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The iron law of wages is a proposed law of
economics Economics () is a social science that studies the Production (economics), production, distribution (economics), distribution, and Consumption (economics), consumption of goods and services. Economics focuses on the behaviour and interact ...

economics
that asserts that
real wages US net productivity compared to real wages. Real wages are wages adjusted for inflation In economics Economics () is the social science that studies how people interact with value; in particular, the Production (economics), produc ...
always tend, in the
long runIn economics the long run is a theoretical concept in which all markets are in economic equilibrium, equilibrium, and all prices and quantities have fully adjusted and are in equilibrium. The long run contrasts with the short run, in which there are ...
, toward the minimum wage necessary to sustain the life of the worker. The theory was first named by
Ferdinand Lassalle Ferdinand Lassalle (; 11 April 1825 – 31 August 1864) was a Prussia Prussia, , Old Prussian Distribution of the Baltic tribes, circa 1200 CE (boundaries are approximate). Old Prussian was a Western Baltic language belonging to t ...

Ferdinand Lassalle
in the mid-nineteenth century.
Karl Marx Karl Heinrich Marx (; 5 May 1818 – 14 March 1883) was a German philosopher A philosopher is someone who practices philosophy Philosophy (from , ) is the study of general and fundamental questions, such as those about reason, M ...

Karl Marx
and
Friedrich Engels Friedrich Engels ( ,"Engels"
''
attribute the doctrine to Lassalle (notably in Marx's 1875 ''
Critique of the Gotha Program The ''Critique of the Gotha Programme'' (german: Kritik des Gothaer Programms) is a document based on a letter by Karl Marx Karl Heinrich Marx (; 5 May 1818 – 14 March 1883) was a German philosopher A philosopher is someone who practice ...
''), the idea to
Thomas Malthus Thomas Robert Malthus (; 13/14 February 1766 – 23 December 1834) was an English cleric Clergy are formal leaders within established religion Religion is a social system, social-cultural system of designated religious behaviour, be ...

Thomas Malthus
's ''
An Essay on the Principle of Population The book ''An Essay on the Principle of Population'' was first published anonymously in 1798, but the author was soon identified as Thomas Robert Malthus Thomas Robert Malthus (; 13/14 February 1766 – 23 December 1834) was an English cler ...

An Essay on the Principle of Population
,'' and the terminology to
Goethe Johann Wolfgang von Goethe (28 August 1749 – 22 March 1832) was a German poet, playwright, novelist, scientist, statesman, theatre director, critic, and amateur artist. His works include: four novels; epic poetry, epic and lyric poetry; prose ...

Goethe
's "great, eternal iron laws" in '' Das Göttliche''. It was coined in reference to the views of classical economists such as
David Ricardo David Ricardo (18 April 1772 – 11 September 1823) was a British political economist, one of the most influential of the classical economists along with Thomas Malthus Thomas Robert Malthus (; 13/14 February 1766 – 23 December 1834) w ...

David Ricardo
's law of rent, and the competing population theory of
Thomas Malthus Thomas Robert Malthus (; 13/14 February 1766 – 23 December 1834) was an English cleric Clergy are formal leaders within established religion Religion is a social system, social-cultural system of designated religious behaviour, be ...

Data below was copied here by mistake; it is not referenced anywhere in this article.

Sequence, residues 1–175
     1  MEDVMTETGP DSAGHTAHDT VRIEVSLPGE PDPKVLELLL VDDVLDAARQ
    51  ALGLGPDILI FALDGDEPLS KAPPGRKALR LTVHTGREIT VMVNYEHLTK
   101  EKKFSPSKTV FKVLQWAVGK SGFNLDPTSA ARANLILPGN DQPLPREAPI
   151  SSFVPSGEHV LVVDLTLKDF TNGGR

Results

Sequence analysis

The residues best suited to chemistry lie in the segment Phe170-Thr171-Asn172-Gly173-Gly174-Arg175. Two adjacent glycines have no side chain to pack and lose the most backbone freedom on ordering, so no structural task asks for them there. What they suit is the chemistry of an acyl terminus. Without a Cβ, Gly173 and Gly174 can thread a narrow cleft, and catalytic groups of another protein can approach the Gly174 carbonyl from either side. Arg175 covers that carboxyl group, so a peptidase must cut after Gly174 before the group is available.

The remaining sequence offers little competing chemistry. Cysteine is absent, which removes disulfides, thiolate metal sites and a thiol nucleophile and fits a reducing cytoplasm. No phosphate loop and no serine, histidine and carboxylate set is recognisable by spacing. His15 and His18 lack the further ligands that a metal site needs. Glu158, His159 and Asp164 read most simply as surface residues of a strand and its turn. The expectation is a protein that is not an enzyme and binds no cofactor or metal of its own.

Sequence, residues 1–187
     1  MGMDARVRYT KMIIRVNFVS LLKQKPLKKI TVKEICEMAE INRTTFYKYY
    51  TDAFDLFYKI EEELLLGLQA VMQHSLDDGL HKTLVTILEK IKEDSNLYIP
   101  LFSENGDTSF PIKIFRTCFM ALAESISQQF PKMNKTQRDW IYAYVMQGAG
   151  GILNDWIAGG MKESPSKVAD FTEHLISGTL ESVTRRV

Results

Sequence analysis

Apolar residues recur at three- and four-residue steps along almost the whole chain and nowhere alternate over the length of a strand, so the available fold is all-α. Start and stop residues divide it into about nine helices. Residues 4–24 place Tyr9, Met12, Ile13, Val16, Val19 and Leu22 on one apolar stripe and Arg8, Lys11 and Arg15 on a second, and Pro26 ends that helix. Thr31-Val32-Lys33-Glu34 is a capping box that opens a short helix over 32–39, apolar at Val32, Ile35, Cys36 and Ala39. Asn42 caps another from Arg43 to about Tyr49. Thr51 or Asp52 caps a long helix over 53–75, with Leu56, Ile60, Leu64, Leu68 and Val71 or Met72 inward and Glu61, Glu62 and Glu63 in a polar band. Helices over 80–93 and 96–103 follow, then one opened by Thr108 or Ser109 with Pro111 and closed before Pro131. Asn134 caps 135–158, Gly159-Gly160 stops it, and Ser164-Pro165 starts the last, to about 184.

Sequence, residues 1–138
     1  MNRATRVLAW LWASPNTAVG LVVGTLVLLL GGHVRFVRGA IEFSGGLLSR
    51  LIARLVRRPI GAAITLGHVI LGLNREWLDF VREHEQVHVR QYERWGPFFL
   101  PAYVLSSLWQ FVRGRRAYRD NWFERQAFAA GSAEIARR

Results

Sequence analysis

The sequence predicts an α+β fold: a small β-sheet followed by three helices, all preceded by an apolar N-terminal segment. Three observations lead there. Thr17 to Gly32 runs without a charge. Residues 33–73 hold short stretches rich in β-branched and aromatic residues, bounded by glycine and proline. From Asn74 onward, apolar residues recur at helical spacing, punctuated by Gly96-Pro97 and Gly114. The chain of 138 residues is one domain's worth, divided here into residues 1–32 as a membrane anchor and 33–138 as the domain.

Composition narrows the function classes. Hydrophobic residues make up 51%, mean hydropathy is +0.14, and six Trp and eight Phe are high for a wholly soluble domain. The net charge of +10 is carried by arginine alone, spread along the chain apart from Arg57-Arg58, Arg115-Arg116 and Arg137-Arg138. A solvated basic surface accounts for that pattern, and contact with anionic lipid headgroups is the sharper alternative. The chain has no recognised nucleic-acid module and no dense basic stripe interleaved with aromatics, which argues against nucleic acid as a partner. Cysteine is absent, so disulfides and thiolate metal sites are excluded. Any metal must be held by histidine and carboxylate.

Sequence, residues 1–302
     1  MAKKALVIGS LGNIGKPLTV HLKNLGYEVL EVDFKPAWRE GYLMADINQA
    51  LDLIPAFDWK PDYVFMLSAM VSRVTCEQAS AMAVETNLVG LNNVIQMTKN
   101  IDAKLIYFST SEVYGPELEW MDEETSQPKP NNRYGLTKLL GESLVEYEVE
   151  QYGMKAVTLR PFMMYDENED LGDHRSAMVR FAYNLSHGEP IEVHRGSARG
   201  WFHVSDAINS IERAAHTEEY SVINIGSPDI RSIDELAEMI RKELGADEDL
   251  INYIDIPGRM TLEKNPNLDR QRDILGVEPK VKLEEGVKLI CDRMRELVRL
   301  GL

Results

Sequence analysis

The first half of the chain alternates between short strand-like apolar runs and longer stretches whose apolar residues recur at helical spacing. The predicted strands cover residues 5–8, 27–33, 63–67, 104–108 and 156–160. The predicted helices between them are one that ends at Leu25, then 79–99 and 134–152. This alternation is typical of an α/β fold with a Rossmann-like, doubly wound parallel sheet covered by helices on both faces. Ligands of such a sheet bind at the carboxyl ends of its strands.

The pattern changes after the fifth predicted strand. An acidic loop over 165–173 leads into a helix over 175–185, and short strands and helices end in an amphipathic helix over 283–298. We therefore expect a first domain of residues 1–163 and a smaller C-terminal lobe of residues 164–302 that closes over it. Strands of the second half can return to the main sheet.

Thomas Malthus
. It held that the market price of labor (which tends toward the minimum required for the subsistence of the laborers) would always, or almost always, reduce as the working population increased and vice versa. Ricardo believed that this happened only under particular conditions.


Lassalle

According to Alexander Gray,
Ferdinand Lassalle Ferdinand Lassalle (; 11 April 1825 – 31 August 1864) was a Prussia Prussia, , Old Prussian Distribution of the Baltic tribes, circa 1200 CE (boundaries are approximate). Old Prussian was a Western Baltic language belonging to t ...

Ferdinand Lassalle
"gets the credit of having invented" the phrase the "iron law of wages", as Lassalle wrote about ''"das eiserne und grausame Gesetz"'' (the iron and cruel law). According to Lassalle, wages cannot fall below subsistence wage level because without subsistence, laborers will be unable to work. However, competition among laborers for employment will drive wages down to this minimal level. This follows from Malthus' demographic theory, according to which population rises when wages are above the "subsistence wage" and falls when wages are below subsistence. Assuming the demand for labor to be a given monotonically decreasing function of the real wage rate, the theory then predicted that, in the long-run equilibrium of the system, labor supply (i.e. population) will rise or fall to the number of workers needed at the subsistence wage. The justification for this was that when wages are higher, the supply of labor will increase relative to demand, creating an excess supply and thus depressing market real wages; when wages are lower, labor supply will fall, increasing market real wages. This would create a dynamic convergence towards a subsistence-wage equilibrium with constant population, in accordance with
supply and demand In microeconomics Microeconomics is a branch of that studies the behavior of individuals and in making decisions regarding the allocation of and the interactions among these individuals and firms. Microeconomics focuses on the study ...

supply and demand
theory. As Ricardo noticed, this prediction would not come true as long as new
investment Investment is the dedication of an asset to attain an increase in value over a period of time. Investment requires a sacrifice of some present asset, such as time, money, or effort. In finance Finance is the study of financial institution ...